A guild is any group of species that exploit the same resources, or that exploit different resources in related ways. It is not necessary that the species within a guild occupy the same, or even similar, ecological niches. An ecological niche is defined as the role an organism plays in its community, i.e. decomposer, primary producer, etc. Guilds are defined according to the locations, attributes, or activities of their component species. For example, the mode of acquiring nutrients, the mobility, and the habitat zones that the species occupy or exploit can be used to define a guild. The number of guilds occupying an ecosystem is termed its disparity. Members of a guild within a given ecosystem could be competing for resources, such as space or light, while cooperating in resisting wind stresses, attracting pollinators, or detecting predators, such as happens among savannah-dwelling antelope and zebra.
The Theory of Island Biogeography is a 1967 book by the ecologist Robert MacArthur and the biologist Edward O. Wilson. It is widely regarded as a seminal piece in island biogeography and ecology. The Princeton University Press reprinted the book in 2001 as a part of the "Princeton Landmarks in Biology" series. The book popularized the theory that insular biota maintain a dynamic equilibrium between immigration and extinction rates. The book also popularized the concepts and terminology of r/K selection theory.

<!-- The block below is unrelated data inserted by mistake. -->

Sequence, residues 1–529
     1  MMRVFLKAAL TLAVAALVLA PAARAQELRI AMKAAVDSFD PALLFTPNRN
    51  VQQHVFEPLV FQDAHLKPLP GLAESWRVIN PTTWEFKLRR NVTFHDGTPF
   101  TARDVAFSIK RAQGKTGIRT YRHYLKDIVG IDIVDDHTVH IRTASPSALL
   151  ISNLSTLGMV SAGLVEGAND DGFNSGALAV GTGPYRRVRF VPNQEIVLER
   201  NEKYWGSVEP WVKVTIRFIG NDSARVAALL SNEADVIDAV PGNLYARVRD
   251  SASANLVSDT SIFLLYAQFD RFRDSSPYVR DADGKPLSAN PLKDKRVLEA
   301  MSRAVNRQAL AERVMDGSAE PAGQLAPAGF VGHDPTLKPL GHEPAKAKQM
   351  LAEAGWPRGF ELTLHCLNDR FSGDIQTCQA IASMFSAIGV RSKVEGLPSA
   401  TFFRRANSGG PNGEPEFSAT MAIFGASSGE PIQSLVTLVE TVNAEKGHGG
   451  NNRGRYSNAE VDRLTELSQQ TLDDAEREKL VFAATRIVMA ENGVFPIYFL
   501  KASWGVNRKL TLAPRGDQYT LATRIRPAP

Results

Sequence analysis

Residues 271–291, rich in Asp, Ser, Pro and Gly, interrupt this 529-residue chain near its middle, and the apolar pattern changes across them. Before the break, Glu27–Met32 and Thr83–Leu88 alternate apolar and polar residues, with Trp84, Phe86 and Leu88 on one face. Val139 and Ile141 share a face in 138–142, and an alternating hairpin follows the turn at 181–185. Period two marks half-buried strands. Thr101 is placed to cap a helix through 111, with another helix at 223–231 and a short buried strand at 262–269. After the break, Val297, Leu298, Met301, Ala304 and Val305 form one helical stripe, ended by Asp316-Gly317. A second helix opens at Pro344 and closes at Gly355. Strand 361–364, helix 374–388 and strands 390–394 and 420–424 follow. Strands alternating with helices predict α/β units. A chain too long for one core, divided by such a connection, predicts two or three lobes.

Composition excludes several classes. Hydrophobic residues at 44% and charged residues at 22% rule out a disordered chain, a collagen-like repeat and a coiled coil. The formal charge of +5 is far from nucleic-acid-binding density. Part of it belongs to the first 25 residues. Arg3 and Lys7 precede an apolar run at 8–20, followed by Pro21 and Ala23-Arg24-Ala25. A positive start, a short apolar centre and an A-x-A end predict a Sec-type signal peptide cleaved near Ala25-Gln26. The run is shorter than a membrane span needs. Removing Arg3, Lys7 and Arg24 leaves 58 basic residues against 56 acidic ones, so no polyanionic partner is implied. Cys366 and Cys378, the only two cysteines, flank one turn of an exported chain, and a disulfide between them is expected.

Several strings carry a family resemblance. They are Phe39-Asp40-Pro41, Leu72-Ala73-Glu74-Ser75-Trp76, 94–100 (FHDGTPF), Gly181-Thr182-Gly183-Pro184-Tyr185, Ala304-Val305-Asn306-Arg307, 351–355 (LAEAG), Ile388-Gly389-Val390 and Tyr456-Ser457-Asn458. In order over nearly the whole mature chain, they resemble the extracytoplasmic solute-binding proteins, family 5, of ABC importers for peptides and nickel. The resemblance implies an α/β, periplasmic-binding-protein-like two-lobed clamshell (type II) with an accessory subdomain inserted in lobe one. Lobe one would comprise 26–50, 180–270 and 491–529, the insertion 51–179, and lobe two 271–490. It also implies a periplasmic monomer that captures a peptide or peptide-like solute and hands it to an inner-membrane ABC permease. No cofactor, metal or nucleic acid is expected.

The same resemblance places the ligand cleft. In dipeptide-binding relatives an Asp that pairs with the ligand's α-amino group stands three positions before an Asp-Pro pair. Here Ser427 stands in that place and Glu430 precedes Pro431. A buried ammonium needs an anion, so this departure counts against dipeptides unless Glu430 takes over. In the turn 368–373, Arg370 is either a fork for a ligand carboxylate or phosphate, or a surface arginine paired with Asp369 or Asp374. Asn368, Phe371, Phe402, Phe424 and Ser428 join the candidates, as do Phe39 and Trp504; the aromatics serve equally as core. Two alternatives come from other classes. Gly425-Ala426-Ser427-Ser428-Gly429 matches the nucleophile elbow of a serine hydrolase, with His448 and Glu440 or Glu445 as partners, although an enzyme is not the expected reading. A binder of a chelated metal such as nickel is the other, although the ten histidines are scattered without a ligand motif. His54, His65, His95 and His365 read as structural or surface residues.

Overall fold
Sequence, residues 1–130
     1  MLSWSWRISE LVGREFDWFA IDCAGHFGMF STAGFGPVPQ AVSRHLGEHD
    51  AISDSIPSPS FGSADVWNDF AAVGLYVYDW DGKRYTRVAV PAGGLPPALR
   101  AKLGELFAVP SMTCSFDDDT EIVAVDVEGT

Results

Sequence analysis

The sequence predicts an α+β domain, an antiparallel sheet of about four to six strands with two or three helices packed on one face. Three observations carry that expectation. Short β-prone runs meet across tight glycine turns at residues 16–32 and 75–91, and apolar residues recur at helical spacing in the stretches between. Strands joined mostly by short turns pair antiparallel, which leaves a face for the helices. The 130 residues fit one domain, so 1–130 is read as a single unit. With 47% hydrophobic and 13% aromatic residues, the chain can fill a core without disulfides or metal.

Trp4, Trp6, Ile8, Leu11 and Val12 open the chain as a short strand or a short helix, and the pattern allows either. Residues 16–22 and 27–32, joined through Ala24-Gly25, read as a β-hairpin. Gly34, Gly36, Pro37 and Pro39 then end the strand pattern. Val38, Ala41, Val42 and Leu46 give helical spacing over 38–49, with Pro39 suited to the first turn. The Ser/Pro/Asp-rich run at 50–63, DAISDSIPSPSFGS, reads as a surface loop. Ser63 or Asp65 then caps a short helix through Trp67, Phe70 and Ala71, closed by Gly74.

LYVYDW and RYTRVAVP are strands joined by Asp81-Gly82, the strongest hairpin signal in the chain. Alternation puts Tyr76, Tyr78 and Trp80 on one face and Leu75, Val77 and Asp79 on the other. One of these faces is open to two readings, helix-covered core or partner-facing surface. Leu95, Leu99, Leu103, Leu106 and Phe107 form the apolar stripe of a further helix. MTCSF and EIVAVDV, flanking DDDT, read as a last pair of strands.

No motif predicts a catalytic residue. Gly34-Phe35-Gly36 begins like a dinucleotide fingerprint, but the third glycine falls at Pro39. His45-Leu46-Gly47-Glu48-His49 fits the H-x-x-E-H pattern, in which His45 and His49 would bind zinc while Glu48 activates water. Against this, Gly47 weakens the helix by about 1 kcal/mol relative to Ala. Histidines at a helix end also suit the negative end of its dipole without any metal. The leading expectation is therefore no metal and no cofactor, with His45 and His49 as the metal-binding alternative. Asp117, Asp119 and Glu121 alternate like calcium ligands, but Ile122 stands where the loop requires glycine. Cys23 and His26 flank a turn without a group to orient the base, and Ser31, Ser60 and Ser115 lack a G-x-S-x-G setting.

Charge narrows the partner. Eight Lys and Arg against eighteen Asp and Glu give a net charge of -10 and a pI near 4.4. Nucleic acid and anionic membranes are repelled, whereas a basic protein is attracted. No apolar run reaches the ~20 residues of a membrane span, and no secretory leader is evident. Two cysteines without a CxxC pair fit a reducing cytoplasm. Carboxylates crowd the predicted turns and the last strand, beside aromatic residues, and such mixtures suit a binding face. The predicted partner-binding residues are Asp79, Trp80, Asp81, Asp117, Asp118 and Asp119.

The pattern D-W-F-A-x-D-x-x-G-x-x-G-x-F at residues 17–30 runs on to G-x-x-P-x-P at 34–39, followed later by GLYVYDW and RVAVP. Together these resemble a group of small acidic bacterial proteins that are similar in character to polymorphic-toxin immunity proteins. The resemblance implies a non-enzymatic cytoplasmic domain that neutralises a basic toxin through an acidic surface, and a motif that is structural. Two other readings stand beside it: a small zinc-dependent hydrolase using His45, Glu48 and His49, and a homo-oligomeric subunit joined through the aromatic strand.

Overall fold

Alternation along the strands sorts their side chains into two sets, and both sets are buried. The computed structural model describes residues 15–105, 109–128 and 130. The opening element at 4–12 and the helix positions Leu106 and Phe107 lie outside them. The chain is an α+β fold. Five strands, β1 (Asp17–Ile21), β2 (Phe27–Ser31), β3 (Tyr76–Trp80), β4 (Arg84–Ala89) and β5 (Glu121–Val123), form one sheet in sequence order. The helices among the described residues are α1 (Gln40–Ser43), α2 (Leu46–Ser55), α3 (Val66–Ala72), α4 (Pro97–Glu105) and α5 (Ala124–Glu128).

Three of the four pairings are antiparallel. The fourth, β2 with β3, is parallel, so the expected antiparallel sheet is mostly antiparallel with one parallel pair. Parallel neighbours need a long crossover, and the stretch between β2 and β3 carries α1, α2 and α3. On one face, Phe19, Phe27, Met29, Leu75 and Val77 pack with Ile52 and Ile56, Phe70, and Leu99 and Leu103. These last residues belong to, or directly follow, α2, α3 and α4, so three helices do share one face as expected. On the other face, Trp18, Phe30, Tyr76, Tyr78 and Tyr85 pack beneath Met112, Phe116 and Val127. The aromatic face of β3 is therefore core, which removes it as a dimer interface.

Mechanistic models for niche apportionment are biological models used to explain relative species abundance distributions. These niche apportionment models describe how species break up resource pool in multi-dimensional space, determining the distribution of abundances of individuals among species. The relative abundances of species are usually expressed as a Whittaker plot, or rank abundance plot, where species are ranked by number of individuals on the x-axis, plotted against the log relative abundance of each species on the y-axis. The relative abundance can be measured as the relative number of individuals within species or the relative biomass of individuals within species.
No-analog in paleoecology and ecological forecasting are those communities or climates that are compositionally different from a baseline for measurement of communities or climate, which is typically modern. Alternative naming conventions to describe no-analog communities and climates may include novel, emerging, mosaic, disharmonious and intermingled.
In ecology, a priority effect is the impact that a particular species can have on community development due to prior arrival at a site.
Tolokiwa Island, also known as Lottin Island, is an island in the Bismarck Sea. The island is volcanic in origin and part of the Bismarck Archipelago.